Riddle's arrangements remain the essential Sinatra sound. They start off with that distinctive two-beat that Riddle pilfered from the Jimmie Lunceford band (to hear where that Sinatra groove comes from, listen to Lunceford's 1935 recording of "My Blue Heaven"). Then, following the ease of that two-beat, comes a hard-swinging 4/4 with Frank's phrasing driving the rhythm every bit as much as the bass and drums.

Color painting of Frank Sinatra singing, eyes closed

Nowhere is the concept more perfectly executed than in Riddle's arrangement of Cole Porter's "I've Got You Under My Skin." It starts with an easy two-beat riff; Sinatra sings the song beautifully and (perhaps more important) knowingly; then the band builds and builds through layered riffs, exploding into Milt Bernhart's hard-swinging trombone solo; when Sinatra comes back in, he somehow manages to ratchet up the energy and excitement a notch or two more, wailing "Dooooon't you know, little fool…" And then after that cascade of climaxes the whole thing is neatly buttoned up with a tidy double-bass coda.

"Under My Skin" remains a high point of 20th-century American culture—and if it doesn't count as "jazz," more's the pity for jazz.

Through the '50s and '60s, Sinatra would work with many of the greatest arrangers in jazz and swing and orchestral pop—not only Riddle but Billy May, Neal Hefti, Quincy Jones, Johnny Mandel, Don Costa, and Gordon Jenkins. The ace Los Angeles studio groups that usually backed him included such jazz masters as trumpeter Harry "Sweets" Edison, bassist "Little Joe" Comfort (who happened to teach a young Charlie Mingus how to play), and drummer Alvin Stoller. Sinatra, whose apprenticeship was with the bands of Harry James and Tommy Dorsey, would continue to perform with essential jazz big bands—Woody Herman, Duke Ellington, and most compellingly, Count Basie.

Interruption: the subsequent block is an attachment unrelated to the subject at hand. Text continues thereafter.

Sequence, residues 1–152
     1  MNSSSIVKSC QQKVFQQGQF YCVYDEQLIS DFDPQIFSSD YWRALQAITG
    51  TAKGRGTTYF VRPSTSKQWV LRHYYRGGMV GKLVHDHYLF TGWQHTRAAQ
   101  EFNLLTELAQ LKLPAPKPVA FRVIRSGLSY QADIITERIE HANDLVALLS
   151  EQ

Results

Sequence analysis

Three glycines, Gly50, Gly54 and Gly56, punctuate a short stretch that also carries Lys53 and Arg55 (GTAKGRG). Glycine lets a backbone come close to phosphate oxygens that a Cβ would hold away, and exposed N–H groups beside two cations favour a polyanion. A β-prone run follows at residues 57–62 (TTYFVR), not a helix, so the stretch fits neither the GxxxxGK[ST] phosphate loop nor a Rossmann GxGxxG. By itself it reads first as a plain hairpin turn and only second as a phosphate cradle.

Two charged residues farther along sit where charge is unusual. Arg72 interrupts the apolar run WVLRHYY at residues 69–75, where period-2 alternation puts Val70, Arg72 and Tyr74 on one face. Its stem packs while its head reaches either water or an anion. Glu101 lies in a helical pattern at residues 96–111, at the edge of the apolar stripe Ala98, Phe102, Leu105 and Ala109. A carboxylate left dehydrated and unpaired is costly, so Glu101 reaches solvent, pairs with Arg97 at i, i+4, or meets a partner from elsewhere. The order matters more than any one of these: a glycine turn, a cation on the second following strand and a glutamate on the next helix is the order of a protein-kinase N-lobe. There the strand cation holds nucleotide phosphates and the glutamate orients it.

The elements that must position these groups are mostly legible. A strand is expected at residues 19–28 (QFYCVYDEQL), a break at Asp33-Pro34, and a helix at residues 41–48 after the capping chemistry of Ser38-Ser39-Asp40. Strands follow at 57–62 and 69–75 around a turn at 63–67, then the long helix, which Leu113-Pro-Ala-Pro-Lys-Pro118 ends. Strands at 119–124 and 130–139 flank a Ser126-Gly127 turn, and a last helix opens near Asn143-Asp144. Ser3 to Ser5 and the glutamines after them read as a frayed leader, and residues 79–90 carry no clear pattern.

Album cover with color photo of Frank Sinatra winking and beckoning

All along the way, Sinatra operated at the intersection of pop and jazz, even as jazz began to move away from its popular roots as dance music. At a time when jazz was succumbing to a tendency to ramble—please, oh please, no more seven-minute bass solos!—Sinatra and his arrangers proved time and again what could be accomplished in three minutes and change. And though the Chairman's comic stage-show interludes were excruciating—please, oh please, no more Sinatra "monologues!"—when the singer was singing, he proved time and again that high art and entertainment can coexist.